19 March 2007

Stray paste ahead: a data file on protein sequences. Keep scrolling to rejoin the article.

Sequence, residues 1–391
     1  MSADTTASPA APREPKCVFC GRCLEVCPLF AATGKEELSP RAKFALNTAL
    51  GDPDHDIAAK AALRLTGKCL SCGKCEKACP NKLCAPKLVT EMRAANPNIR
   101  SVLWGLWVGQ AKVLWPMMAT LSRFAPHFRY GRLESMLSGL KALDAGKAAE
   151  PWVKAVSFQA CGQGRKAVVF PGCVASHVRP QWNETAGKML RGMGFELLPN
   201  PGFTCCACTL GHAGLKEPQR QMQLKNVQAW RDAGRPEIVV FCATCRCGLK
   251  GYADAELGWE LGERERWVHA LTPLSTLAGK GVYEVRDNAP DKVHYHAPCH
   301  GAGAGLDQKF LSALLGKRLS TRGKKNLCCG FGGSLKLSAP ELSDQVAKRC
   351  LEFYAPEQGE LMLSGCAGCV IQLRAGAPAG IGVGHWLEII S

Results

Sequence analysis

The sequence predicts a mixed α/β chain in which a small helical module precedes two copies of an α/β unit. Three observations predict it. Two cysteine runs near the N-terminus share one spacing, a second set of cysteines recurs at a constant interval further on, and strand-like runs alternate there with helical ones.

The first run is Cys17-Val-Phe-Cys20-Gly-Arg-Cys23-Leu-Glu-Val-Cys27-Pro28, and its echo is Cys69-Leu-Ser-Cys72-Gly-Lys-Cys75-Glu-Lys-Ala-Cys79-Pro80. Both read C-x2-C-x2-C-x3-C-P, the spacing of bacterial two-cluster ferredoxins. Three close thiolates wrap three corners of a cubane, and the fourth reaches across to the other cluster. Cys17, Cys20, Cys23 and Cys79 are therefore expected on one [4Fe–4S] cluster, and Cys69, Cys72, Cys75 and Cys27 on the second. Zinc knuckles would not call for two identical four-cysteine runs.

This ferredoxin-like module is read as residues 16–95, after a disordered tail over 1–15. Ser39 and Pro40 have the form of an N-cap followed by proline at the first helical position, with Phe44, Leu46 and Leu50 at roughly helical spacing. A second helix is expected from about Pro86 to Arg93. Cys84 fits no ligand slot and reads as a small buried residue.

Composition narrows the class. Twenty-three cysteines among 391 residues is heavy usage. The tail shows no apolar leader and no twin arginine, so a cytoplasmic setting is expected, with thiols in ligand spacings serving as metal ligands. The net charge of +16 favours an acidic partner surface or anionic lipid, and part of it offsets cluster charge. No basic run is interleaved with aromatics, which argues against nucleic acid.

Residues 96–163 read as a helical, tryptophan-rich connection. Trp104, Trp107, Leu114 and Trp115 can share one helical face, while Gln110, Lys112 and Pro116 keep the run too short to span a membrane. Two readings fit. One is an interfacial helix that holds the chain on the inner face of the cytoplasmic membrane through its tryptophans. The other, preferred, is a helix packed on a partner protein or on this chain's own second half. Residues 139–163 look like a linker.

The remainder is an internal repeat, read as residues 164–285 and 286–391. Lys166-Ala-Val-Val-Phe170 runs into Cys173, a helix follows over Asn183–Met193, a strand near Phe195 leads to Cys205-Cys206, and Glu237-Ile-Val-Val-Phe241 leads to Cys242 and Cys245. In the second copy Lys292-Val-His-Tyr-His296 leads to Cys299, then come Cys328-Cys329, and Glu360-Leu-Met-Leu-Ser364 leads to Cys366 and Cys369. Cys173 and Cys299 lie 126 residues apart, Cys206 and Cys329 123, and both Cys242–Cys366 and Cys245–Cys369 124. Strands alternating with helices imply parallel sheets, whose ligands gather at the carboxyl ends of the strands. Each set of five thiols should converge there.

FRIDAY MARCH 2nd - Hurghada & Safaga Left the Hotel Sea Garden in Hurghada by bus to travel for 40 minutes south to Safaga diving resort. The corals here are better than Sharm and the resort much quieter. On arrival we had our wetsuts, masks and snorkells fitted (much hilarity - and Katherine your bum did NOT look big!) Our own private boat and crew were waiting so off we went across the Red Sea! Our first anchor point was the edge of a short reef. This was my first coral reef, having snorkelledin the Mediterranean as a teenager. I wasn't prepared for the colours, variety and sheer beauty of the reef. It was just like finding Nemo! I saw all types of fish and couldn't name any of them! We spent about 40 minutes in the sea before coming back to the boat for hot coffee and a breather. As we approached the boat, a Moray eel came towards us on the sea bottom, swimmng like a snake with an ugly thick head - scary! It didn't cause any trouble but Ed dashed off with Katherine's camera to get a shot - I look forward to seeing it! after warm drinks, we then moved position to dive at the pillars of coral. These are about 7 pillars which rise up from the deep and are teeming with fish swimming at eye level so it feels like you are among them. It was amazing, awesome, incredible, wonderful..... Back on the boat again, we had lunch prepared by the crew which was also wonderful, and afterwards we took a small glass boat to a sand island where plenty of other boats and people were enjoying the sea too. We saw nothing in the glass boat - oh well. to entertain ourselves, we made sand sculptures - my Pyramid looked more like the bent pyramid, and Katherine's sphinx became a scarab, only to be accidentally trodden on by Celia! We had fun. Tired but exhilerated we ended the day with a birthday celebration for Alan who was 70 at a restaurant on the beach in Hurghada. SATURDAY MARCH 3rd The next day, we had yet another early start! Since the terrorist shootings in 1996 on Luxor's west bank, all tourist traffic into Luxor and down the Nile Valley is controlled by a police convoy. The convoy leaves at specific times and you can't afford to miss it. So by 7am we were at the holding point along with about 50 or more other coaches. By 9am, the convoy set off heading west towards the Nile. The scenery was desert and mountains with our newish tarmac road winding it's way through. It was strange to see a long snaking line of coaches all following each other with no other traffic on the roads. A short stop for loos and tea after an hour is also the chance for more 'pro active' selling by the locals. Then on again to Luxor via Quena and along the Nile valley. Here the scenery was magic, as the irrigation channels followed the road we could see small farms, mud houses and crops growing whilst small children waved frm their houses and donkey wagons carried their crops along the dirt tracks. Everywhere there were photos waiting to be taken. At points on the road you could see the traffic waiting patiently with a police guard for the convoy to pass before their road could re-open. I imagine that's how the Queen feels when she travels! On arrival in Luxor, the landscape is more built up and greener. sugar Cane, Date Palms, Alfalfa and other crops grow in abundance, with rows upon rows of mud brick dwellings. The centre of Luxor is a smaller version of Cairo with the same frantic traffic mixed with Caleshes (horse & carriage) and liberal use of the horn. Our hotel EMILIO was near the Nile and the stunning Luxor Temple could be seen from the roof top swimming pool terrace. Across the Nile in the distance you could make out the West Bank, Hatshepsut Temple and ridge behind which nestled the Valley of the Kings. I was excied to be here and looking forward to exploring. After checking in and a brief snooze, we met at 1pm for a walking tour of Luxor through the Souk, a quick snack on freshly cooked falafel and up to the Corniche past Luxor Temple and back through a street where the Calesh horses were being washed and fed. Man of the horses are suffering from undernourishment, but you have to harden your heart to it or else I would be bringing them all home to Britain. Luxor is a brilliant place! I had lunch with some of the group on the roof terrace of the hotel, then at 2pm we all met again to take a Calesh ride to KARNAK Temple. The Calesh was fun with Luxor on our right and the Nile on our left. Our guide for the Karnak Temple gave us plenty of information - most of which I couldn't take in. The Temple is vast and dedicated to Amun containing many shrines and monuments added by kings over the centuries. I took over 100 photos. My first real close up experience of real egyptian Hieroglyphics. As the sun dipped, the shadows on the carvings and reliefs inside the temple were sharpened - I could have stayed there for a long time but our Calesh were ready to take us back. After a local supper we all headed to bed for an early night. The next day promised to be a real highlight - a donkey trek at sunrise to The Valley of The Kings!